The Bank is required to comply with the priority sector lending requirements prescribed by RBI from time to time. The shortfall in the amount required to be lent to the priority sectors and weaker sections may be required to be deposited in funds with government sponsored Indian development banks like the National Bank for Agriculture and Rural Development, the Small Industries Development Bank of India, the National Housing Bank, MUDRA Limited and other financial institutions as decided by the RBI from time to time. These deposits have a maturity of up to seven years and carry interest rates lower than market rates. At March 31, 2019, the Banks total investment in such bonds was र 292.55 billion, which was fully eligible for consideration in overall priority sector lending achievement.

As prescribed in the RBI guideline, the Banks priority sector lending achievement is computed on a quarterly average basis from fiscal 2017 onwards. Total average priority sector lending for fiscal 2019 was र 1,891.65 billion (fiscal 2018: र 1,500.78 billion) constituting 41.5% (fiscal 2018: 37.7%) of ANBC, against the requirement of 40.0% of ANBC. The average lending to the agriculture sector was र 749.77 billion (fiscal 2018: र 587.55 billion) constituting 16.5% (fiscal 2018: 14.8%) of ANBC against the requirement of 18.0% of ANBC. The average advances to weaker sections were र 403.47 billion (fiscal 2018:

र 246.63 billion) constituting 8.9% (fiscal 2018: 6.2%) of ANBC against the requirement of 10.0% of ANBC. Average lending to small and marginal farmers was र 307.73 billion (fiscal 2018: र 170.72 billion) constituting 6.8% (fiscal 2018: 4.3%) of ANBC against the requirement of 8.0% of ANBC. The average lending to micro enterprises was र 360.10 billion (fiscal 2018: र 266.32 billion) constituting 7.9% (fiscal 2018: 6.7%) of ANBC against the requirement of 7.5% of ANBC. The average lending to non-corporate farmers was र 496.10 billion (fiscal 2018: र 352.03 billion) constituting 10.9% (fiscal 2018: 8.9%) of ANBC against the requirement of 11.99% of ANBC (11.78% for fiscal 2018). The above includes the impact of PSLCs purchased/sold by the Bank.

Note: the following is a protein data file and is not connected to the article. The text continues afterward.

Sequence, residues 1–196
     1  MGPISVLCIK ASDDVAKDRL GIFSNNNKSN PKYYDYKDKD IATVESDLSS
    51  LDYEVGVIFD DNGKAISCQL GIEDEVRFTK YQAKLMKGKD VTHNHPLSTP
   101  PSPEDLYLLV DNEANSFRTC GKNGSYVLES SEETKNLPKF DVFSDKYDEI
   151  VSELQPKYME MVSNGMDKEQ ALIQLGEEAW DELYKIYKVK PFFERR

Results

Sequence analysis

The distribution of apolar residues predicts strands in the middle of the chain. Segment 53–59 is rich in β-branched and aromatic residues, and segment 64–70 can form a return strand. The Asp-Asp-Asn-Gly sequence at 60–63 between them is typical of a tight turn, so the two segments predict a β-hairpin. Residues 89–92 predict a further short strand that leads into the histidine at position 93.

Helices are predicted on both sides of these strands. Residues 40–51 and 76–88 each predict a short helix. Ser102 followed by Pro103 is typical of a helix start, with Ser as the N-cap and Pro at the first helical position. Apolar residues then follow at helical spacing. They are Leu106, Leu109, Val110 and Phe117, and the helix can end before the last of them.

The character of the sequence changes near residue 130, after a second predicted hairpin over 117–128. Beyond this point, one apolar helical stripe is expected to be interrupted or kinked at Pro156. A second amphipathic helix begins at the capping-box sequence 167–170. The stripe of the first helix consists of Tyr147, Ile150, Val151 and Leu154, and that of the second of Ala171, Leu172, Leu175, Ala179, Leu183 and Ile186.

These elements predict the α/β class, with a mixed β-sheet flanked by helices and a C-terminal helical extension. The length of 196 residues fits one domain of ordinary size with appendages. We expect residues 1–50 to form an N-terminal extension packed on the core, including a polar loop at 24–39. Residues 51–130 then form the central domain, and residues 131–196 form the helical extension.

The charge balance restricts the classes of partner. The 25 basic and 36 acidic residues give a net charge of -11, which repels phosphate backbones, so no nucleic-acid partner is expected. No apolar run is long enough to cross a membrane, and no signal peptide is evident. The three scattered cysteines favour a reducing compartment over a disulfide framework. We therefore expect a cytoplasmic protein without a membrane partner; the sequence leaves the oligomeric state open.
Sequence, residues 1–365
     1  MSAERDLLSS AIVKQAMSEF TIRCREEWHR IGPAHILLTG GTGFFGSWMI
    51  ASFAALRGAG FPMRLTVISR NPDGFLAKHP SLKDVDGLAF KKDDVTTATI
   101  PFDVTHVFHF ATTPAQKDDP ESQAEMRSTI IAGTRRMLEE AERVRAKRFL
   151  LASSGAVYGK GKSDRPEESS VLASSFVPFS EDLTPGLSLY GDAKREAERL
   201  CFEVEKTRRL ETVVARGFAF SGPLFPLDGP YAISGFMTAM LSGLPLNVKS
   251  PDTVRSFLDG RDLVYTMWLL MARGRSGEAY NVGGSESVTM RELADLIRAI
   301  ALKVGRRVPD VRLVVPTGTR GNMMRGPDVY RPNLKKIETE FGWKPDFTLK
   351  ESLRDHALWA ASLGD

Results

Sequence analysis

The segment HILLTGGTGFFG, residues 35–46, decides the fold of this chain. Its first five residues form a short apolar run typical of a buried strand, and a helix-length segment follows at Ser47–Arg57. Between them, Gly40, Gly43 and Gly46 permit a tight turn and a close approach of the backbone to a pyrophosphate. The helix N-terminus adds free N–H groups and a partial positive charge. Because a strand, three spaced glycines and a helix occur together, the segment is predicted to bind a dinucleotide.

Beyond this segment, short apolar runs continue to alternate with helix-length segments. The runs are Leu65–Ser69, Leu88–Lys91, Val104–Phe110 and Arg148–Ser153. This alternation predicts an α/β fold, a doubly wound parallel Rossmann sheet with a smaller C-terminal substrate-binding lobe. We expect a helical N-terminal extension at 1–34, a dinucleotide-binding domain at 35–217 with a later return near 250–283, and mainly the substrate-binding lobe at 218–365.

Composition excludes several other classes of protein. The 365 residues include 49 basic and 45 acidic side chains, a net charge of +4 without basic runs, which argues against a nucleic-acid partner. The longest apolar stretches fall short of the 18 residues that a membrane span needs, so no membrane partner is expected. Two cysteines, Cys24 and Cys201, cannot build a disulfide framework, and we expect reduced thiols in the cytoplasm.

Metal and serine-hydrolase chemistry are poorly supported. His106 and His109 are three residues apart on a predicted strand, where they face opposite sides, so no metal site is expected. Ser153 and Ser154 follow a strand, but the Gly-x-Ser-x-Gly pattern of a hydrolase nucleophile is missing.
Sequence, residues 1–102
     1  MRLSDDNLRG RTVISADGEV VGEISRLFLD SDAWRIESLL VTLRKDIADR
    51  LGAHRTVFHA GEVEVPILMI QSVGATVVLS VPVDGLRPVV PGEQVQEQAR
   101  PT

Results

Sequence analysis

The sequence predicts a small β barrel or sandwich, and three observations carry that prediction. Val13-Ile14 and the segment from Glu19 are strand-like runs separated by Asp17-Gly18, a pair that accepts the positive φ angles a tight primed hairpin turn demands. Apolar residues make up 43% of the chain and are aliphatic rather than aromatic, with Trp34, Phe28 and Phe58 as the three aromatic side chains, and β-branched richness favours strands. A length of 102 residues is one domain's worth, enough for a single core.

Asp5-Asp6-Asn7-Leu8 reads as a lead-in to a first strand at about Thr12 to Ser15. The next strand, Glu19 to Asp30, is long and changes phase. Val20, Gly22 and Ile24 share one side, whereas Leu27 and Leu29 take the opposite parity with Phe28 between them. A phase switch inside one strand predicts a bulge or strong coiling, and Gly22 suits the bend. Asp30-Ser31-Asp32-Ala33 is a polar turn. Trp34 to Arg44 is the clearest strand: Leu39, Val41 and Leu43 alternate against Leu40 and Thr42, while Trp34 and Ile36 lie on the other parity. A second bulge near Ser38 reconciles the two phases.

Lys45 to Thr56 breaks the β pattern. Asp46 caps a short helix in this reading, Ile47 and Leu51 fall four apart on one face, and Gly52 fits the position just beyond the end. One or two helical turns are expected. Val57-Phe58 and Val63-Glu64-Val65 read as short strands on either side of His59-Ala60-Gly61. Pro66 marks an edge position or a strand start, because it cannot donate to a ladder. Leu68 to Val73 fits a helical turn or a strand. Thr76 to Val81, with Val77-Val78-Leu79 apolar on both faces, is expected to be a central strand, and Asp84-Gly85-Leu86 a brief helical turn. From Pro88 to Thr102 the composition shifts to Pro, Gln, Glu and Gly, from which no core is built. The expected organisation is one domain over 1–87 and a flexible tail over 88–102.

CLASSIFICATION OF LOANS

The Bank classifies its assets as performing and non-performing in accordance with RBI guidelines. Under RBI guidelines, an asset is generally classified as non-performing if any amount of interest or principal remains overdue for more than 90 days in respect of term loans. In respect of overdraft or cash credit, an asset is classified as non-performing if the account remains out of order for a period of 90 days and in respect of bills, if the account remains overdue for more than 90 days. RBI guidelines also require an asset to be classified as non-performing based on certain other criteria like restructuring of a loan, inability of a borrower to complete a project funded by the Bank within stipulated timelines and certain other non-financial parameters. In respect of borrowers where loans and advances made by overseas branches are identified as impaired as per host country regulations for reasons other than record of recovery, but which are standard as per RBI guidelines, the amount outstanding in the host country is classified as non-performing.